The Corner


Teachers Are Not Living a Dickensian Hand-to-Mouth Existence

A bizarre article appeared in Time last week, entitled “‘I Work 3 Jobs and Donate Blood Plasma to Pay the Bills.’ This Is What It’s Like to Be a Teacher in America.” Other testimonials included: “My child and I share a bed in a small apartment, I spend $1,000 on supplies and I’ve been laid off three times due to budget cuts. I’m a teacher in America.” And: “I have 20 years of experience, but I can’t afford to fix my car, see a doctor for headaches or save for my child’s future. I’m a teacher in America.”

It’s mind-boggling how Time could portray workers in secure middle-class jobs with decent wages and great benefits as impoverished. Frankly, it’s insulting to workers in other occupations who actually are poor. In any case, I pulled data from the last three years of the Current Population Survey to answer some relevant questions never posed in the Time article.

What is the poverty rate for public-school teachers? 1.1 percent, including the small fraction who are unemployed. What is their median household income? $106,000. What is their unemployment rate? 0.7 percent, reflecting the rarity of job loss in the public sector. How much do teachers rely on secondary income? Over 97 percent of the personal income reported by teachers comes from their teaching jobs. How much time do teachers spend working? During the school year, teachers work 41 hours per week, including time working at home and on weekends. Over the whole calendar year, teachers work about 83 percent as much as private-sector professionals.

The empirical reality obviously does not square with Time’s anecdotes. Sadly, however, the debate over teacher compensation has been moving backward. The traditional argument was not that teachers are living in desperate poverty, but simply that they are underpaid relative to their skills. For example, the union-affiliated Economic Policy Institute (EPI) has been publishing reports since the early 2000s that claim teachers receive less compensation than workers with the same education and experience. Andrew Biggs and I showed that EPI’s analysis undervalues important benefits, especially the guaranteed nature of government pensions. Moreover, there is no reason to expect that teaching should be paid the same as the average occupation requiring a college degree. Workers are compensated based on the supply and demand for their particular skills, not for how many years they spent in school. (If schooling is all that matters, then accountants should be outraged that engineers out-earn them by 25 percent.)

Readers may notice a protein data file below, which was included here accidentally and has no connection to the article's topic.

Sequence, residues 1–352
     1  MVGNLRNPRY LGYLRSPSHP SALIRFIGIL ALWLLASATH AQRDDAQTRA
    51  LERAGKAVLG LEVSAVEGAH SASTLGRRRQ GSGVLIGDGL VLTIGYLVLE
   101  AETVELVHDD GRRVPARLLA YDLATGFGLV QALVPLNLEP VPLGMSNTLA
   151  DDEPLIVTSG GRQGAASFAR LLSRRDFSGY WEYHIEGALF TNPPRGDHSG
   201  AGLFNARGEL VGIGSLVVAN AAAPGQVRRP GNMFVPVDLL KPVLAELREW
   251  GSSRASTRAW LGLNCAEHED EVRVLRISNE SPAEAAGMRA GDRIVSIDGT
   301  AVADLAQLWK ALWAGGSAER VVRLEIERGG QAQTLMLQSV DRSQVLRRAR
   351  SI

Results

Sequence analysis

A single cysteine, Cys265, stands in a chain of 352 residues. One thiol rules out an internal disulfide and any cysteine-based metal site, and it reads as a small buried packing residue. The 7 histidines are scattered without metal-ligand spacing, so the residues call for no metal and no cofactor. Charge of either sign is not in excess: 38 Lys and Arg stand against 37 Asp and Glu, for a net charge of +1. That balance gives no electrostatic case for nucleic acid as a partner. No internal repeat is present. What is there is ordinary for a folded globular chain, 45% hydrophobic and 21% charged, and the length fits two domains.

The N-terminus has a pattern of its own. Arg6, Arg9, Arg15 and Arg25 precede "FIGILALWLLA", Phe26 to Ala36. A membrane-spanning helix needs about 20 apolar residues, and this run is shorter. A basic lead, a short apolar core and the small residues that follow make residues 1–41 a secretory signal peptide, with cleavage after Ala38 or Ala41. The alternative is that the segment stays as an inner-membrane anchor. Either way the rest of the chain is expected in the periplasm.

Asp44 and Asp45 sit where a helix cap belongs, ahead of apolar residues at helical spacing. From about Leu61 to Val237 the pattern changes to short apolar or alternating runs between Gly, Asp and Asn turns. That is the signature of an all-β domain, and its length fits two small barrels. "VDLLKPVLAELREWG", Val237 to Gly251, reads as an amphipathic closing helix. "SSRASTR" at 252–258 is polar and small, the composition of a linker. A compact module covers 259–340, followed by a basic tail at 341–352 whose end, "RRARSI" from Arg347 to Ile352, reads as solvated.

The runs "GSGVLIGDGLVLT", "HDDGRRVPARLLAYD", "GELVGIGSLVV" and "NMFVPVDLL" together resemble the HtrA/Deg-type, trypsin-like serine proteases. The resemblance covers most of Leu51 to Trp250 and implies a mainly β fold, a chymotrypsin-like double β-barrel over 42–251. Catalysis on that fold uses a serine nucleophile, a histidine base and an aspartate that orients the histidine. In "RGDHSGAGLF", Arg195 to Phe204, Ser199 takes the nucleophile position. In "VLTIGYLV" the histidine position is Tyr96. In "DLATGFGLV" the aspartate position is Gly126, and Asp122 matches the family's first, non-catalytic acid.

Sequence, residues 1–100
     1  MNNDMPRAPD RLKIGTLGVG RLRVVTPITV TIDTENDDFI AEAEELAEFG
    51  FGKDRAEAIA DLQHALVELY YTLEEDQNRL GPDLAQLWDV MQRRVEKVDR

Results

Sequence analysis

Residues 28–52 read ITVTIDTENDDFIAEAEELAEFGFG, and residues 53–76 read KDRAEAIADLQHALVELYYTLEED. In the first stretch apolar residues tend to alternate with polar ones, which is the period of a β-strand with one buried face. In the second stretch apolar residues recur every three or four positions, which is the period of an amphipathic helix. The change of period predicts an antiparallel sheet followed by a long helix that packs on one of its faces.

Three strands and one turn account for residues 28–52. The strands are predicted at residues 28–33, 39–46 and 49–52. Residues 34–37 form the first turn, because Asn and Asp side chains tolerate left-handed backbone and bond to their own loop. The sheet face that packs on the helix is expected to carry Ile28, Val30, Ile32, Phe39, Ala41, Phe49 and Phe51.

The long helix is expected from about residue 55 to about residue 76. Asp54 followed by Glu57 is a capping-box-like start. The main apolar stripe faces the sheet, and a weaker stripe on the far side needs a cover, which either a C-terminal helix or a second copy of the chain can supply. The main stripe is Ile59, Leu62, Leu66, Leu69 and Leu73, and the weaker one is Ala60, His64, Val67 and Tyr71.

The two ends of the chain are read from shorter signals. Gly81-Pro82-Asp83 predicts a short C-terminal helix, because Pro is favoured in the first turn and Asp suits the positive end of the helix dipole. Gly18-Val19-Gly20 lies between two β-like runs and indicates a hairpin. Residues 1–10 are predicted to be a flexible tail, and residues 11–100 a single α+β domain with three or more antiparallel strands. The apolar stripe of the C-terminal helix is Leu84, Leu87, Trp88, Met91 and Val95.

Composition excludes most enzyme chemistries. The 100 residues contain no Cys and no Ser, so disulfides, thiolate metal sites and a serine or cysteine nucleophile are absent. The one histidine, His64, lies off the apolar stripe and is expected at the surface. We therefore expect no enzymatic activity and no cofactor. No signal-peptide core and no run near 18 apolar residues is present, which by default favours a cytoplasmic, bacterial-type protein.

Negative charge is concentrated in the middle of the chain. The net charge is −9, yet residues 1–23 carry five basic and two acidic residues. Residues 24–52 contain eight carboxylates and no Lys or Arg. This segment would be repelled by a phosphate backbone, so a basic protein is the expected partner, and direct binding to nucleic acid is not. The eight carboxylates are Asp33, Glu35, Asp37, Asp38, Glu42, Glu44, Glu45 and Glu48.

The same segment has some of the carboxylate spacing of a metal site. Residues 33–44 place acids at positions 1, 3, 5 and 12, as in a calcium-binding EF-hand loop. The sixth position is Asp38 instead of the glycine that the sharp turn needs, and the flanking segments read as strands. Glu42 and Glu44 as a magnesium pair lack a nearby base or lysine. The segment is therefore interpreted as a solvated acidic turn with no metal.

EPI touts the same underpaid-teachers report every year without acknowledging our criticisms — in fact, without acknowledging any new work that contradicts its thesis. But instead of seeking balance, the media have upped the ante. They now use the annual EPI report as a springboard to talk about eleven-hour days and third jobs and blood for cash. They have turned middle-class workers into a bunch of Oliver Twists laboring at the parish poorhouse. That’s propaganda, and it needs to stop.


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